When you ask me why I wanted to do it, I can’t say that I wanted to do it. But I felt compelled to do it. And you better believe I’m going to go 100 percent and do what I have to do, because ultimately our country’s on the line.

What will be some of your top priorities as a senator?

Securing the border. I mean, that’s something we’ve got to do day one. Securing the border.

We’ve got to start restoring our energy independence. That’s one of the ways we’re going to dig our way out of the economic crisis we’re in as well. We can’t do that without energy independence because it takes energy to make a product, to ship a product, and to sell a product. It takes energy. And when you increase the cost of energy to the American people and to those industries, those costs will ultimately be absorbed by us. Whether it’s in increased prices or through inflation, we will end up absorbing those costs.

Americans are going deeper in debt. Forty percent increase in credit card debt over the last year, from $765 billion to $1.1 trillion. We’re at an all-time high on vehicle delinquencies. We’re at a 20-year high on mortgage rates. I mean, our economy is in rough shape. We’ve got a lot of issues that this administration has bungled. But let’s start by securing our border and fixing what is the greatest threat to our national security. Let’s start there.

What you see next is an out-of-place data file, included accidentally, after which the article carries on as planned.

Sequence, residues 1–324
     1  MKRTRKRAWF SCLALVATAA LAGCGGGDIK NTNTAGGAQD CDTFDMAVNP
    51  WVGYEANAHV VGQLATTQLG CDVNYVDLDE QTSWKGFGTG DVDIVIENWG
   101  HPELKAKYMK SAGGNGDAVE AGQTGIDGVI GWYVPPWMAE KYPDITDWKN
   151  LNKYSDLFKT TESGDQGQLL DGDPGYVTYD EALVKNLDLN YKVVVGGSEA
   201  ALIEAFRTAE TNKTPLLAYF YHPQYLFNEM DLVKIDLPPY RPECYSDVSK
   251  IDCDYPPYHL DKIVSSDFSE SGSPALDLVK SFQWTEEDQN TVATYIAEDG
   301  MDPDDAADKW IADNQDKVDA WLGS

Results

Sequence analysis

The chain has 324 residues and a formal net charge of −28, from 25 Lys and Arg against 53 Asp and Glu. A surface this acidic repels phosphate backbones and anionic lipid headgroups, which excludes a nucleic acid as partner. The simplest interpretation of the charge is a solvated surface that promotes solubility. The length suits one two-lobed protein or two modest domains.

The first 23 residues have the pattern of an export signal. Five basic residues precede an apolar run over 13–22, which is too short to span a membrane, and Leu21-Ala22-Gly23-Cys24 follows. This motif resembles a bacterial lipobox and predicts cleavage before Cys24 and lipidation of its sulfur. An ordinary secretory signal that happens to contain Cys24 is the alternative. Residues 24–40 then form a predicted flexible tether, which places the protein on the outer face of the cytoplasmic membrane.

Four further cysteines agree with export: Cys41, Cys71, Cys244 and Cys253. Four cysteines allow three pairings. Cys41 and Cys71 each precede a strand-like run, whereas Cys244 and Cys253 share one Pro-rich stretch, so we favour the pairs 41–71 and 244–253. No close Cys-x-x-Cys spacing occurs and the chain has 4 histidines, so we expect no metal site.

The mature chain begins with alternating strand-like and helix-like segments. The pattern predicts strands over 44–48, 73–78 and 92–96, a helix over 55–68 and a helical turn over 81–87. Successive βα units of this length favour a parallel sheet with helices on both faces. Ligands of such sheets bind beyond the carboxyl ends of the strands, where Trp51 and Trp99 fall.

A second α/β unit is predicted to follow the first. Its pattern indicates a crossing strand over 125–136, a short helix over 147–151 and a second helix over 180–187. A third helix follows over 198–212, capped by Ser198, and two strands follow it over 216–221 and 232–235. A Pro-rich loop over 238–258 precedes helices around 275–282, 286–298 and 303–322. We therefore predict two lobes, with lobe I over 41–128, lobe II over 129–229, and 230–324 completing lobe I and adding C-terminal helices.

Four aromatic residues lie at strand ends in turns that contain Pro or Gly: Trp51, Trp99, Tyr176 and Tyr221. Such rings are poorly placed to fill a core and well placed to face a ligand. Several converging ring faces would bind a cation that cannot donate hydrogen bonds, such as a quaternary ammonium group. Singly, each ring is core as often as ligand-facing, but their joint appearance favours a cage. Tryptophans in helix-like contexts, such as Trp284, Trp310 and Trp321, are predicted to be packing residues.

Let’s stop the flow of fentanyl. Let’s start to work on our economy immediately. And as it relates to crime, as a senator, my job is not to go out and tell local law enforcement and states what to do. I believe in the 10th Amendment. My job as a U.S. senator will be to yank the chain back on the federal government. We need to do some serious, serious oversight on federal law enforcement and really evaluate whether these agencies 

even need to exist at this point. I hope to be digging into that really quick as well, because I think the American people would expect that of me as well.

Many Americans have become disillusioned by politicians who make promises but don’t follow through, seemingly putting their own careers above their responsibility to their constituents.